Mr. DiDomenico, whose group represents the New Jersey squid fishery, said the change would protect ''the most valuable and unique habitats in the region,'' although he objected to the push for an even larger area by environmentalists. Brad Sewell, the fisheries policy director at the Natural Resources Defense Council, which lobbied for the change along with groups like Oceana and the Pew Charitable Trust, said the vote ''marks a milestone in ocean-protection efforts.''

Fishing regulations are labyrinthine, combining federal and state rules. The fishery council does not have jurisdiction over lobster fishing, and it also voted to exempt red-crab fishing from the regulations for at least two years. Protections do not extend to oil and gas drilling, or the laying of cables or other underwater activities. Those are all regulated by different agencies. Although other rules may apply for those activities, the council has no say in matters other than fishing. In January, President Obama proposed opening an area of the Atlantic to drilling that overlaps the southern part of the protected area.

In recent years, submersible dives have revealed much about the ecosystems of deep-sea corals. Armed with that information, conservation groups have pushed to stop the kind of trawling that can dislodge or break the corals.

Mr. Sewell said after the vote that fishing regulations offered only some protections and that he hoped that the decision would send a signal to agencies that regulated other activities.

The vote had been postponed until now because of disagreement at a council meeting in February. The industry objected to many of the rules, and a workshop was held in April in which scientists, activists and industry representatives participated.

That workshop produced a compromise on boundaries for the 15 discrete areas, although there was still strong disagreement about the broad zone, which was voted on Wednesday.

Before the meeting, Mr. DiDomenico said the squid fishery supported the effort to save the corals despite disagreements with conservation groups on many issues, and he pointed to his industry's willingness to support many of the restrictions. He said, ''If we stay in business and protect corals, we've done our job.''


RFA Encouraging Fishermen to Take Action on Pending EPA Ethanol Mandate

The RFA is encouraging its members to read the action alert below from the National Marine Manufacturers Association (NMMA) Boating United initiative and weigh in on the EPA's plan to increase the percentage of ethanol in fuel we use in our boats.  NMMA is a corporate sponsor of the RFA and holds a seat on the RFA Board of Directors.  RFA has been working with NMMA and Yamaha in DC to stop the increase of ethanol in fuel which has been proven to be highly destructive to marine engines and outboards.   


The EPA recetly announced its plans to increase the country's ethanol mandate to historic levels. That's right, despite the science and facts about the harms of ethanol, the government is doubling-down on its handout to corn farmers and ethanol producers.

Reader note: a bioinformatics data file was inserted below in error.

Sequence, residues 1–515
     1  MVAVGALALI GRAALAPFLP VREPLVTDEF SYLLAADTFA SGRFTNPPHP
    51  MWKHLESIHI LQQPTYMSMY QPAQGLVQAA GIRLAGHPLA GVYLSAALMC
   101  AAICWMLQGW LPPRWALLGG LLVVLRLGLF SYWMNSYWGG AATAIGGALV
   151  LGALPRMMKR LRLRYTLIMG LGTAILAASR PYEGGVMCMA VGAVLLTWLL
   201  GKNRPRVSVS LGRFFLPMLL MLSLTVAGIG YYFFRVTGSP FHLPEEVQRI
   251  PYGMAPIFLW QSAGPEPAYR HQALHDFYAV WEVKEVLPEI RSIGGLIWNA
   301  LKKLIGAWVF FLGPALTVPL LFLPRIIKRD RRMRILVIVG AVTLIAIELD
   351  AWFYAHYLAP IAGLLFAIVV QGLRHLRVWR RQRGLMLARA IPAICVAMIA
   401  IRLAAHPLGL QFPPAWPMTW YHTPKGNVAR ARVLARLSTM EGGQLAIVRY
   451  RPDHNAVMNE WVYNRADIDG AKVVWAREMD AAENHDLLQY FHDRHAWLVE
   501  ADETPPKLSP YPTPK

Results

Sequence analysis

But the government can't just quietly inflate the levels of ethanol in our fuel without hearing first from the public. They have to collect comments until July 27th-the easiest way to submit a comment, and tell the EPA to reverse course, is right here, right now with Boating United.

To make matters worse, in a gift to the ethanol industry, the White House is handing them a $100 million check to install blender pumps across the US. These are the pumps equipped to dispense E15 and higher blends at your local gas stations. You've got that right; the government is doing everything it can to force E15 into our fuel.

Unless we stop them.  

If you are afraid of what ethanol can and will do to marine engines, water quality and the environment, then you need to comment. (And while you're at it, you'll be asked to send a quick note to your legislators to encourage them to step in and stop the EPA.)

If our industry fails to speak up now, you better believe E15 will be at your corner station before you know it. And that's bad for boating and for business. 

Tell the EPA: No More Ethanol


Nice way to spend your birthday. Have to love New Jersey
Alex Oliszewski's photo.

Jay Mann Many/most folks like this smoke-free beach concept, especially with kids around. I fought for it. However, I cringe a bit when pondering either lifeguards or beach badge checkers enforcing the law (not likely) or alerting police (probable). There are some/many smokers who are very belligerent. Even after being forced to snuff it, they'll be wise to the fact they were turned in. Tension. I'm still hoping for the smoke-free best.

Jay Mann's photo.


Excellent day on the Key West, FL Keys, reefs with Diego Toiran. Black groupers to 21 lbs, mutton, mangrove and yellowtail snappers. In town shooting a 2016 episode for NBC Sports. With Kevin Tierney, Rob "The Swede" Greene and Captain Mark Schmidt.

George Poveromo's photo.
Cod fishing was just OK today, lots of shorts and some keepers. However,Bill Browne pulled up this 34 1/2 lb jumbo. With Don Marantz and Kyren Dooley
Paul Haertel's photo.

This might be one of the greatest auctions ever held hereabouts. The selection is insane ... from Harleys to Roseville like you've never seen. You gotta check the items going up for bid this Saturday June 13, 2015, 9:00 AM EST.
Eagleswood Fire Hall
219 Railroad Avenue
West Creek, NJ
Dual Estate Auction (154 Lots)...

See More